Wednesday, May 23, 2012

V is for Variations

Does anyone out there still use D&D monsters by the book? I mean, are there still GMs that just use the stats as listed in a D&D clone's monster section without any changes?
In this age of cheap PDFs that players can obtain all too easily, most players will have their own copies of game books. This is a significant change from the early days of the hobby, correct? Back in the day, it was really only necessary for the GM to own the books. Now, more often than not at least one player has a copy of the rules. Add to that the fact that long-time players can recognize creatures from when they played the game years ago, and you have some pretty knowledgeable players.

I know what you're thinking: this all ties into the "player vs. character knowledge" argument. But how often are players going to say "my character wouldn't know what a basilisk is, so I'm going to walk right up to that giant lizard thing and stare it down"?

No matter how good a player may be, he or she is definitely going to make their plans on how to "conquer" a creature based on what they know, and not what their character knows.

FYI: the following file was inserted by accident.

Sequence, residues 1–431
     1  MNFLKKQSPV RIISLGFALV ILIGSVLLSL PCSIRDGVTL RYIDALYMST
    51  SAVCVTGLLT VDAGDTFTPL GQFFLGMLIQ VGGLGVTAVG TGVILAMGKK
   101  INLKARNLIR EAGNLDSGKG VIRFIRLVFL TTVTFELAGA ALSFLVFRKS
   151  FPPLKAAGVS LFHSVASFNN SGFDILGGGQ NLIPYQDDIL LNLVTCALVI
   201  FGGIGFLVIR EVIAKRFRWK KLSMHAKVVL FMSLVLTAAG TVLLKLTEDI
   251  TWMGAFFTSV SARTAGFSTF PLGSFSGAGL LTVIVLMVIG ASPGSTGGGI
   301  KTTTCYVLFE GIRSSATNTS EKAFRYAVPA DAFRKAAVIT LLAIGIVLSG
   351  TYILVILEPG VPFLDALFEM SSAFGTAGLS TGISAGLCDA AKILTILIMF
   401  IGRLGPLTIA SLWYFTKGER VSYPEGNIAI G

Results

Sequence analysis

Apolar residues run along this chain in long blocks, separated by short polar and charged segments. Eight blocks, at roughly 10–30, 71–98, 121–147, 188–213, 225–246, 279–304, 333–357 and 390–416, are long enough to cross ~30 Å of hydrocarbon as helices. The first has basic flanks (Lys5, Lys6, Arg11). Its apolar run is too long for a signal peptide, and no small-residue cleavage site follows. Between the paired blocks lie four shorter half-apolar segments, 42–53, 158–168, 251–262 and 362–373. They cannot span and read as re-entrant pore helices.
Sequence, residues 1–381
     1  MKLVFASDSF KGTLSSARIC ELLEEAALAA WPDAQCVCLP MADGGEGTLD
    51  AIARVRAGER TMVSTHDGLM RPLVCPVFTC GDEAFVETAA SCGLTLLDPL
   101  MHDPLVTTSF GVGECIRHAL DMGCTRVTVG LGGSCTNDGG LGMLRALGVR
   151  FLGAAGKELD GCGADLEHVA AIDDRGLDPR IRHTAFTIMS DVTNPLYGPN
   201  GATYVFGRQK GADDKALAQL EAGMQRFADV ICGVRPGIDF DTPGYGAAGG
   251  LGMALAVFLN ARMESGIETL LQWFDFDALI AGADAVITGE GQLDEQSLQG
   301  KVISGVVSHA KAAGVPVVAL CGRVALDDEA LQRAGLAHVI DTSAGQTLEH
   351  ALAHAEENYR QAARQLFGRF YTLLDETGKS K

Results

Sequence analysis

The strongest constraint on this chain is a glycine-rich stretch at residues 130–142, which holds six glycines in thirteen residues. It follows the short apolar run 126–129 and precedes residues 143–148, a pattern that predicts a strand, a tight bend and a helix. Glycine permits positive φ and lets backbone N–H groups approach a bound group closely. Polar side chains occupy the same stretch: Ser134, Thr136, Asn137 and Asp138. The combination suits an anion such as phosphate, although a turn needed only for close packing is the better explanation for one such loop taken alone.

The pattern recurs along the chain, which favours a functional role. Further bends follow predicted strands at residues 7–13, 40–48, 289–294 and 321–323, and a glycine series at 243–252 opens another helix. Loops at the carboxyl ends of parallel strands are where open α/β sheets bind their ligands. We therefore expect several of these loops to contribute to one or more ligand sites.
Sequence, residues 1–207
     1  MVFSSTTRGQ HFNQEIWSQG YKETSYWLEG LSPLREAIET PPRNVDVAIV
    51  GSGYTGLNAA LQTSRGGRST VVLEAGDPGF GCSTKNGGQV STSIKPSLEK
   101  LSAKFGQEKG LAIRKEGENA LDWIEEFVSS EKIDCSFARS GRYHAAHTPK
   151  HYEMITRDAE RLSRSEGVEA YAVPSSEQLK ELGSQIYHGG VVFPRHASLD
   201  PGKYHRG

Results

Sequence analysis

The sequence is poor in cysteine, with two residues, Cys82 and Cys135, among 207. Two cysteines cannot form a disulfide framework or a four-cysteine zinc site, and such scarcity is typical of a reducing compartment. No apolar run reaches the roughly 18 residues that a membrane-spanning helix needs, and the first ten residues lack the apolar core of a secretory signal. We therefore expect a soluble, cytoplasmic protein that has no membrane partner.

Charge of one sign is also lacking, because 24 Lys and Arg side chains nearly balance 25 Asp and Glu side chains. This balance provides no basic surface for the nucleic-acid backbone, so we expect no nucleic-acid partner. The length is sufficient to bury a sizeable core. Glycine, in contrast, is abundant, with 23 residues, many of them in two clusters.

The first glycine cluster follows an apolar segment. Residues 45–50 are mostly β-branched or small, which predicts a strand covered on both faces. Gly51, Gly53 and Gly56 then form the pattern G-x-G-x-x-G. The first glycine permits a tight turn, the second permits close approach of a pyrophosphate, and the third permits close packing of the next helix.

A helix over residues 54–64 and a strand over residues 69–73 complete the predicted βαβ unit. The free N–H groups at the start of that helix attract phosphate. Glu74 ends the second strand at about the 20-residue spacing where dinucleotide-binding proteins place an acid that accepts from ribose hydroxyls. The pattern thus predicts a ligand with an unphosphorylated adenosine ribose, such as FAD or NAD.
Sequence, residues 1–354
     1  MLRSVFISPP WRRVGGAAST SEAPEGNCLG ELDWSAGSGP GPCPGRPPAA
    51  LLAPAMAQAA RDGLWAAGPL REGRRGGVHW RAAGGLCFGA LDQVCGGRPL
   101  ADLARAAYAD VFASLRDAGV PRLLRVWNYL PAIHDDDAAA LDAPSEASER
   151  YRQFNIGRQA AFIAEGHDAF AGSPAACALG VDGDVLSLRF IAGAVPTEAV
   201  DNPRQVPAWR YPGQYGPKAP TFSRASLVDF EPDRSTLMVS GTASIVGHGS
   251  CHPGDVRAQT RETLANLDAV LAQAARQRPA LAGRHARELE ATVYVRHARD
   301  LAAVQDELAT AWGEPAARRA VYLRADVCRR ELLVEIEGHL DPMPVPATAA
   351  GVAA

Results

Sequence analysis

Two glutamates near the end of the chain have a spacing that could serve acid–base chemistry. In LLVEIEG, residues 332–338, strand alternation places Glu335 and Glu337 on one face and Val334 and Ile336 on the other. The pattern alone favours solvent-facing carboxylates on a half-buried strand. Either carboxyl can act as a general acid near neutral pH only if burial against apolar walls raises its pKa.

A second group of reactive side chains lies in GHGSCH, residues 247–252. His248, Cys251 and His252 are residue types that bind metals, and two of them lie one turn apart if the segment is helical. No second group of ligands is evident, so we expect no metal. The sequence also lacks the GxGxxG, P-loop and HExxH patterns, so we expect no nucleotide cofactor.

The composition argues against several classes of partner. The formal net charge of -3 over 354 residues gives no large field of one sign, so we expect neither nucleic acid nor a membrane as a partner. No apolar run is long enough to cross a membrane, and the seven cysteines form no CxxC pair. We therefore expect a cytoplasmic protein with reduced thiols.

The answer? Well, as you've no doubt read on many a gaming blog, you need to create variations of old monsters that bring something new to the beasties. A monster that has different abilities than the by-the-book version is a nice surprise!

So, what sort of variations of classic monsters have you encountered/inflicted on your players?

1 comment:

  1. I've been using classic monsters a lot, but sometimes use variations too. Not that any spring to mind though. I'm playing a fairly traditional Greyhawk game, so player knowledge is fine and I have no problem with it. My other game, which is due to start in a few weeks, will be different though and I'll vary things then.